Tuesday, December 15, 2020





My husband is the same man who stole my virginity.
These are the same moonlit nights;
the same breeze floats down from the Vindhya mountains,
thick with the scent of flowering jasmine.
I too am the same woman. Yet I long with all my heart
for the thicket of reeds by the river
that once knew our wild delight.

Excerpt From
Erotic Poems from the Sanskrit translated by
R. Parthasarathy

ŚĪLĀBHAṬṬĀRIKĀ was a 9th-century Sanskrit poet. Her verses appear in most major Sanskrit anthologies, and her poetic skills have been praised by the medieval Sanskrit literary critics. 

The above short poem of Shilabhattarika is considered as one of her greatest poems written in the Sanskrit tradition. Indian scholar Supriya Banik Pal believes that the poem expresses the speaker's anxiety to be reunited with her husband. According to American author Jeffrey Moussaieff Masson, the poetess, possibly a middle-aged woman, implies that the illicit, pre-marital love between her and her lover was richer than their love as a married couple ".[Ref Wiki]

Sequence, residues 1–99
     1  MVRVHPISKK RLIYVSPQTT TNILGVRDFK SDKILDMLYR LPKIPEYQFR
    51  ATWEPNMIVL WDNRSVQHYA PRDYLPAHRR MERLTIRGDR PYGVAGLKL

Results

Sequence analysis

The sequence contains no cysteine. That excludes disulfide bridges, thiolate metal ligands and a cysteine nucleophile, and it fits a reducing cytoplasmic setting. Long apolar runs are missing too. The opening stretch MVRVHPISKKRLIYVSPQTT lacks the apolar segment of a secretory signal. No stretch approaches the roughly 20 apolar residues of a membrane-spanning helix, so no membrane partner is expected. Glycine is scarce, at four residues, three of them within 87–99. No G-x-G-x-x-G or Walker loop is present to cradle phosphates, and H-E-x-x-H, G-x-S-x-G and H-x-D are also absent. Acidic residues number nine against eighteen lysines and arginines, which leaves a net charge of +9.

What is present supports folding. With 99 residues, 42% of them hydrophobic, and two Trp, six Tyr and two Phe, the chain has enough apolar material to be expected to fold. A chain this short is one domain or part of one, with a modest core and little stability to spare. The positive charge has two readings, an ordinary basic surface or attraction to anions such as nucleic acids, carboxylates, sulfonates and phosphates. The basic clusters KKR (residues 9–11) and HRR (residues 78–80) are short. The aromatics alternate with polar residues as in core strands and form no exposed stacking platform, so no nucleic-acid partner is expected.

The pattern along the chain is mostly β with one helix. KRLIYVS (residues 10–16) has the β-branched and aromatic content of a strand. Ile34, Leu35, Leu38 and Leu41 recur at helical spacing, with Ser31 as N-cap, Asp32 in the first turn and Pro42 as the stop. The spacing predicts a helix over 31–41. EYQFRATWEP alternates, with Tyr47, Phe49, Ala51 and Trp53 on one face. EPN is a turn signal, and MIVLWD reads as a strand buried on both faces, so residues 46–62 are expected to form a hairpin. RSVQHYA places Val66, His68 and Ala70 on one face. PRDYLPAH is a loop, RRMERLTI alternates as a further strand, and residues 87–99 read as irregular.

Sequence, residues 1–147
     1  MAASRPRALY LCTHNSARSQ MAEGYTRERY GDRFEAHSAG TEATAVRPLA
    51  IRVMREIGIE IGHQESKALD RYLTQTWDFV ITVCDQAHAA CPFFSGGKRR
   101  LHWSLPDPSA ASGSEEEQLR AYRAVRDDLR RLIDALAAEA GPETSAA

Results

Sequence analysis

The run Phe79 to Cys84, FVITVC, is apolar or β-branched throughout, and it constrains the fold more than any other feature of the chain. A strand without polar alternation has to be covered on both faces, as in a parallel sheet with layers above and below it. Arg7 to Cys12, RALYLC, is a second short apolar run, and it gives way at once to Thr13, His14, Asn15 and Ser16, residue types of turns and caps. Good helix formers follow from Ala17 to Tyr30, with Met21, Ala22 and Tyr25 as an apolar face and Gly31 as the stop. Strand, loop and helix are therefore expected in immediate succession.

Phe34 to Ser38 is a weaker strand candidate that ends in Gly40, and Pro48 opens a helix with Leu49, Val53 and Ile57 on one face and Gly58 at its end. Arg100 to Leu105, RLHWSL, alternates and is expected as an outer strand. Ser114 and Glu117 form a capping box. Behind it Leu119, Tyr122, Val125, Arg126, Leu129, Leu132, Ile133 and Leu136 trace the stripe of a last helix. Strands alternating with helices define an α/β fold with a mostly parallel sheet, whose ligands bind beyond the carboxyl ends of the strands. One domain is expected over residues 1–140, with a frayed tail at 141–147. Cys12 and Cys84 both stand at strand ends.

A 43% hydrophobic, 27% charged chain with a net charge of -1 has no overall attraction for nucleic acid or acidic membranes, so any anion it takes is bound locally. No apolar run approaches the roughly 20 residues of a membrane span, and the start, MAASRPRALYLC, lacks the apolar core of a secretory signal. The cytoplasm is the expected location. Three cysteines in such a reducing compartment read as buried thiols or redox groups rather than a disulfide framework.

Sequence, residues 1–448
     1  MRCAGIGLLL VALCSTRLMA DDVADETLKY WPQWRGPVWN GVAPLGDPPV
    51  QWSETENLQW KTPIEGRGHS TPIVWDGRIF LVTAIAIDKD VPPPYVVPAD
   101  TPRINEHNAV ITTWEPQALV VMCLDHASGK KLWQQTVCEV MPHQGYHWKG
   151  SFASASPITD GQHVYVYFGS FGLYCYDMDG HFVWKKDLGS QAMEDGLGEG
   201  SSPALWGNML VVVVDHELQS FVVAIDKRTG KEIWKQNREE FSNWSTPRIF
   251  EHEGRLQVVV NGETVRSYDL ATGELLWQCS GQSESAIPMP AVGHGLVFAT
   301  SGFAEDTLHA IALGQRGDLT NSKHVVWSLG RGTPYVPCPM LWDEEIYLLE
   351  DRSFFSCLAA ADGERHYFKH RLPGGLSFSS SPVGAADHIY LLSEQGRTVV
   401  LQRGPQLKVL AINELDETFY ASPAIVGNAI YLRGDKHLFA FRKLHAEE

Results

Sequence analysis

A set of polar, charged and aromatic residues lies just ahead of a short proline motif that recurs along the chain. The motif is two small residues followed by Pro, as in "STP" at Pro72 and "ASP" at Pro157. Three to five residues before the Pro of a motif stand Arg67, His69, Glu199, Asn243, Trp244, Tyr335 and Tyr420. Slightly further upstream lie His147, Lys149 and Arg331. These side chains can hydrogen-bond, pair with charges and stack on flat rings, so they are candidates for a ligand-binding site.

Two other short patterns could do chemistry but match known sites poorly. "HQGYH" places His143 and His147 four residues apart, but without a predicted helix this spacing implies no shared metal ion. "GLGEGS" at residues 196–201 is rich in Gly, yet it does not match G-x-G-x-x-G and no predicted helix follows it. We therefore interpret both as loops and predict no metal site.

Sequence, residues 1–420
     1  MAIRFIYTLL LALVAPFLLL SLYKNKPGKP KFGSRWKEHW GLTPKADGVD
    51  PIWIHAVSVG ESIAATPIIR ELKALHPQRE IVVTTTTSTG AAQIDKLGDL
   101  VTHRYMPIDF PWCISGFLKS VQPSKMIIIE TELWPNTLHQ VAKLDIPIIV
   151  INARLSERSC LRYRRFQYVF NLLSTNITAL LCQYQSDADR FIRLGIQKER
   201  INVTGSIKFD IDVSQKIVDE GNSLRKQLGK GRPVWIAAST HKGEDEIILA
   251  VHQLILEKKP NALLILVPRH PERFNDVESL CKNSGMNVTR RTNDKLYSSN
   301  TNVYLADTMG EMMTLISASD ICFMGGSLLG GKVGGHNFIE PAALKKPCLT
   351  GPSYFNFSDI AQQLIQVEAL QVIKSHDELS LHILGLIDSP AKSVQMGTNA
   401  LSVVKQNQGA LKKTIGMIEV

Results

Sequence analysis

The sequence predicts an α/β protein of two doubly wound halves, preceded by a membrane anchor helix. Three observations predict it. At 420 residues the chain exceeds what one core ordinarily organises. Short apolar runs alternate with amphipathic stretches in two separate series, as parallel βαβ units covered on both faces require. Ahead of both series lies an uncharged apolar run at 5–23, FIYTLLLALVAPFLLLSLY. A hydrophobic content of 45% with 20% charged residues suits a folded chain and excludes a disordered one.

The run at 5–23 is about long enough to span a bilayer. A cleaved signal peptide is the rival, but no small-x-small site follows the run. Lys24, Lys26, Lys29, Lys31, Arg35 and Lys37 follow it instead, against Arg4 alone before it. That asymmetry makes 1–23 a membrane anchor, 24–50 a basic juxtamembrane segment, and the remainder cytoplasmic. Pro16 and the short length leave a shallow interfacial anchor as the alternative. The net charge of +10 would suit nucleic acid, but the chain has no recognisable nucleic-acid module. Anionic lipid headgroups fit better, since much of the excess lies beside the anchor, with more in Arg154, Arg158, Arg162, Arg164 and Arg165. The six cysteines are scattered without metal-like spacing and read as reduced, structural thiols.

Painting : Raja Ravi Varma, Lady in the Moon Light (1889)

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